Great news, everyone! I have a new pattern, the Spiral Hill Sweater Vest, coming out this fall in the new book, the Disney Tim Burton’s The Nightmare Before Christmas: The Official Knitting Guide to Halloween Town and Christmas Town. It’s an honor to be part of a genuinely impressive collection of patterns inspired by such a beloved movie.
To celebrate, we are bringing back knit alongs (KALs) on Hands Occupied! Knit alongs on Hands Occupied aren’t just about having a chat as we knit the same pattern as our internet friends. I like to use KALs as a motivator to share new video tutorials and posts featuring information to help your technique too. I think I did something around 45 minutes of tutorial content for the last one, so buckle up! Scroll on for more teaser images, what to expect from the KAL, and a short rant about why I say knit along and not knit-a-long.
P.S. Newsletter followers heard about this first, so if you’d like, you can
The History of Hands Occupied KALs & CALs
In the past, we’ve done technique-focused knit alongs featuring
Save the Date: October 1-29
I love it when the first of the month lands near the beginning of the week. Disney Tim Burton’s The Nightmare Before Christmas: The Official Knitting Guide to Halloween Town and Christmas Town comes out on September 26, so we’ll be starting the KAL the following Sunday, October 1. Well wrap up the KAL on Sunday 10/29, just in time for folks to wear their finished projects on Halloween!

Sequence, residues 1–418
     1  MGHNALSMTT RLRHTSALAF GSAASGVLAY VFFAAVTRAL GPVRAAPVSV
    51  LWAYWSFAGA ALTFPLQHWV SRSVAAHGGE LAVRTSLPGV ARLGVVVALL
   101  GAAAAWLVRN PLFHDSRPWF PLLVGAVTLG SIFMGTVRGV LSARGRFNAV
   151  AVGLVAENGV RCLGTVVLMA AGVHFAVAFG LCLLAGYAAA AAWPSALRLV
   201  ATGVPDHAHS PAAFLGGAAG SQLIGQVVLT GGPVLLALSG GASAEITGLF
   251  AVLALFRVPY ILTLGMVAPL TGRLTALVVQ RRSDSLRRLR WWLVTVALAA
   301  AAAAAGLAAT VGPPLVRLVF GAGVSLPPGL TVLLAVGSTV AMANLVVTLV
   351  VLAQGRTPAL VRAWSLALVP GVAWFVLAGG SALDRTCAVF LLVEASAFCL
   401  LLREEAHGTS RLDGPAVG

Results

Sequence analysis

The pattern we’re knitting is called the Spiral Hill Sweater Vest, and it’s exclusively available in the Nightmare Before Christmas knitting book. I can’t yet tell or show you what the inside of the book looks like or the pattern, but I’ll post an update when I can let you know what needles and yarn to start looking for. Stay tuned!
In addition to the community and education opportunities, there will be a giveaway prize pack with several chances to enter, including participation, watching a tutorial, and finishing by 10/29. I’m finalizing all of those goodies, so I’ll share the official prize list in the coming weeks.
Why Knit Along and not Knit-a-long?
I have hosted all of these KALs and never explained by I prefer knit along to knit-a-long, despite the latter being how I often see it spelled colloquially. Just in case anyone is wondering why I don’t use hyphens when I refer to knit alongs, it’s just a personal pet peeve/preference. If you have a compelling reason for preferring knit-a-long, please illuminate me in the comments, I really am curious, but here’s why I don’t hyphenate the phrase:
- Knit along and knit-a-long can both be abbreviated KAL
- I’ve always wondered if this is where the -a-‘ing punctuation of the phrase began.
- Knit-a-long? Knit a long what, exactly? What long thing are we knitting? Knit a long feels like a command to grab your needles and start stitching, baby, because you’re gonna be here for a long time. (A Dr. Who scarf comes to mind.)
- I always felt the phrase ‘knit along’ implies that we are knitting along together, like the phrase ‘sing along.’ We didn’t buy Sing-A-Long tapes as kids, we were invited to sing along with the characters in the movie. Everyone singing from the same sheet music (or song) is comparable to everyone knitting from the same pattern.
Thanks for indulging this former librarian and current knit designer for her finicky little lecture about punctuating knitting community slang. Consider this the first tutorial in our knit along. As LeVar Burton said, “You don’t have to take my word for it.”